Business News

CCTV Script 28/11/16

This is the script of CNBC's news report for China's CCTV on November 28, Monday.

Welcome to CNBC Business Daily, I'm Qian Chen.

President-elect Donald Trump denounced the effort to recount votes in 3 states as a "scam" engineered by Green Party candidate Jill Stein, calling on voters to accept the election's results, which he insisted would not be changed by new ballot counts.

Jill Stein, presidential candidate of the Green Party, has raised enough money to request recounts in the swing states of Wisconsin and Pennsylvania, her campaign website announced Friday morning.

While no specific evidence of fraud or irregularity has been cited, the campaign has highlighted reported hacks into voter and party databases.

Prominent cybersecurity experts have recently said that although the chances of the election results being tampered with are slim, a recount would be the best way to ensure that results are valid.

Given that Mr Trump finished with 306 electoral votes and Ms Clinton ended on 232, theoretically if all three states actually conduct a recount and the votes in those three states swing from Mr Trump to Ms Clinton, then the US could have a new president.

Trump beat Clinton in Pennsylvania by 70,010 votes, in Michigan by 10,704 votes and in Wisconsin by 27,257 votes.

The campaign initially asked for $2.5 million but has now raised $4.6 million in the last two days.

On Saturday, the campaign of Democratic contender Hillary Clinton said it would back Stein's efforts to take a fresh look at voting results in Wisconsin, a crucial swing state that narrowly backed Trump over Clinton, as well as in Michigan and Pennsylvania. Stein has been raising millions for more than a week-more than she did for her entire campaign, in fact.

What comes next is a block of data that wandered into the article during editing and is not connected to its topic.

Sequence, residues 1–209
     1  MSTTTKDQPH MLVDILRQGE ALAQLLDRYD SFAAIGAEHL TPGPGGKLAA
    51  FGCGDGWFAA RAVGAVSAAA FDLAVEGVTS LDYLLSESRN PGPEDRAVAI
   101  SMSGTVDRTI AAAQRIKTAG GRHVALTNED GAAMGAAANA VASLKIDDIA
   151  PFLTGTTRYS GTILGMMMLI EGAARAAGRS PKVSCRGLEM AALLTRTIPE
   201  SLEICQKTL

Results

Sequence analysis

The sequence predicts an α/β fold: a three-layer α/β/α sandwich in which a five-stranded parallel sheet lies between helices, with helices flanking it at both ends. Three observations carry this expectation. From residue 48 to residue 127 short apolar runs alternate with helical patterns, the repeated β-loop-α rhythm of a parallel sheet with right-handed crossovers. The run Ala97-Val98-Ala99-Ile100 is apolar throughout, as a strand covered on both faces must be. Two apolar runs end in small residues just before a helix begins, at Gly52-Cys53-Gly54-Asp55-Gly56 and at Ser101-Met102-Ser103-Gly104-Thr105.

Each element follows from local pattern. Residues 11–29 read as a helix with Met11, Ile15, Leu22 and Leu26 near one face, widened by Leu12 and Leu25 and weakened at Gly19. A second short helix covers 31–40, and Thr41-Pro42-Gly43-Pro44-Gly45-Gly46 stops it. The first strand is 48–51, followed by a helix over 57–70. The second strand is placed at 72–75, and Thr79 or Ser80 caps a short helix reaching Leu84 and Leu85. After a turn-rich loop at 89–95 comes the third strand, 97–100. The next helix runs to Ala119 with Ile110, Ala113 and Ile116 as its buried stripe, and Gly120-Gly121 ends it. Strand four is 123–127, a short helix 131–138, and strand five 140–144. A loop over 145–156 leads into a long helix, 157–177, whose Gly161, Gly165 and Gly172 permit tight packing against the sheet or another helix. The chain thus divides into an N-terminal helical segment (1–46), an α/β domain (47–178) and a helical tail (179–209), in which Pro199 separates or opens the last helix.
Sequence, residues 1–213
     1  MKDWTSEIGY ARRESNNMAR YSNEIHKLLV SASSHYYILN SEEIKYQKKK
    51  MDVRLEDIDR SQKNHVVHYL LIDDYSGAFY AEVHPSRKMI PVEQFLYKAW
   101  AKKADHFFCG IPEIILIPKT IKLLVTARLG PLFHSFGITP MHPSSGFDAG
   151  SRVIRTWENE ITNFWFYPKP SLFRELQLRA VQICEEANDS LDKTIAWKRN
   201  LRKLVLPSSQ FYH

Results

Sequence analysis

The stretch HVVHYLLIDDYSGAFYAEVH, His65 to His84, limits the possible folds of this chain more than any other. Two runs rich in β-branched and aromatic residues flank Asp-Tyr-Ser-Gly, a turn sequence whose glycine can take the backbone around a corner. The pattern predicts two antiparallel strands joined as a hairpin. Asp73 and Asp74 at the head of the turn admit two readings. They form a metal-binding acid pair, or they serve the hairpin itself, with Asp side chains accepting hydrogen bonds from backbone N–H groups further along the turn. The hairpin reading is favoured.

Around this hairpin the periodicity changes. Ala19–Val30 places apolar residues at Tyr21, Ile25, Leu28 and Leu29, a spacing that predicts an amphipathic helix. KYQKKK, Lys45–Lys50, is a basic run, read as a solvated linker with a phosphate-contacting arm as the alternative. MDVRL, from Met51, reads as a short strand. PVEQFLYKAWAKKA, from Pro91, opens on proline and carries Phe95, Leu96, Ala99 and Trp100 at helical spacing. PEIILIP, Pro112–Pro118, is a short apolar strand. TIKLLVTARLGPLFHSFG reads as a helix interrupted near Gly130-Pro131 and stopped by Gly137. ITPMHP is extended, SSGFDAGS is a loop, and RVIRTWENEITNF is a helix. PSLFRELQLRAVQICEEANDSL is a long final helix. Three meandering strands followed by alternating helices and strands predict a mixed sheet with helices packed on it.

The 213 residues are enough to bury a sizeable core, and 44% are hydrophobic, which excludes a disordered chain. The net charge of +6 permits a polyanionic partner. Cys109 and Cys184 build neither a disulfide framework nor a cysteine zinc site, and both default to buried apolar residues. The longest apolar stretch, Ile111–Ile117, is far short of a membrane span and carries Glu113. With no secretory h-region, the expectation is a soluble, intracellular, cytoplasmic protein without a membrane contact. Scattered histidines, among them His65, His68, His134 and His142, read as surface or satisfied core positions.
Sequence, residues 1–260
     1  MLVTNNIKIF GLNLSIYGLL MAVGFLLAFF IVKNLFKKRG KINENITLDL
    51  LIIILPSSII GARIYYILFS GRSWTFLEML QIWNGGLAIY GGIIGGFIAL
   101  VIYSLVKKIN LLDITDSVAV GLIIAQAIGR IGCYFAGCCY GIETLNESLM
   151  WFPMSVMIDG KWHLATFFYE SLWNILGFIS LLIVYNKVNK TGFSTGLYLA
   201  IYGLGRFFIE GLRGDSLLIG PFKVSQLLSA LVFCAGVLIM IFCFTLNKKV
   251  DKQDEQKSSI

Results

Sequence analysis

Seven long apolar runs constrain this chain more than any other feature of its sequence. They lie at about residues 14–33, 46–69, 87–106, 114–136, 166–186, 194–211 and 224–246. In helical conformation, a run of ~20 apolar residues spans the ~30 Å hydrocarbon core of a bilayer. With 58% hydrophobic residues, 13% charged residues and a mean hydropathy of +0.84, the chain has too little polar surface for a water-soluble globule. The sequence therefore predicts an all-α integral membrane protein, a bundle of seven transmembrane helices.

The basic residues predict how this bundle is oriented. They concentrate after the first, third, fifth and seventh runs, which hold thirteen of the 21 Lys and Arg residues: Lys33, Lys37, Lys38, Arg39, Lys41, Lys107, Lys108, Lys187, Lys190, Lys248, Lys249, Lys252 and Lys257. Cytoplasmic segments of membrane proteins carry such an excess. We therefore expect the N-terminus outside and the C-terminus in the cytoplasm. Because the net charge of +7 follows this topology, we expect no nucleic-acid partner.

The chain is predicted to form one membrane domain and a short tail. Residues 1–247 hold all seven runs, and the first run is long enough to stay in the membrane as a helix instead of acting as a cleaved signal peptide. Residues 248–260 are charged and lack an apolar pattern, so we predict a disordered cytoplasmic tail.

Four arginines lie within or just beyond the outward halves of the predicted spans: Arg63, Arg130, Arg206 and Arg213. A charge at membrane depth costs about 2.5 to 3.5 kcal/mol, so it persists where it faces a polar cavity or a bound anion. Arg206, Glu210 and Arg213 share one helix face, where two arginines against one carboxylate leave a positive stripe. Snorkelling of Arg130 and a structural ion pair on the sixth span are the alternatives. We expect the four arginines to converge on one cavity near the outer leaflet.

Earlier last week, speculation that electronic voting may have been tampered with in key states stoked new calls from Clinton backers for her to contest the election results.

A few have even called for electoral college voters to 'vote their conscience' by tipping their votes to Clinton.

The chance of overturning the result of the election is considered very slim, even if all three states go along with the recount.

Unlike the hotly contested 2000 presidential race, where the result of the George W. Bush vs. Al Gore contest hinged solely on Florida's electoral college votes,

Trump won most of the swing states in play, albeit by narrow margins, and also holds a commanding electoral college lead.

The Clinton team had been quiet about Stein's crusade, but campaign lawyer Marc Elias said that because a recount was set into motion Friday - and could begin as soon as next week - they want to see a "fair" process for all involved.

CNBC Qian Chen, reporting from Singapore.

Follow CNBC International on Twitter and Facebook.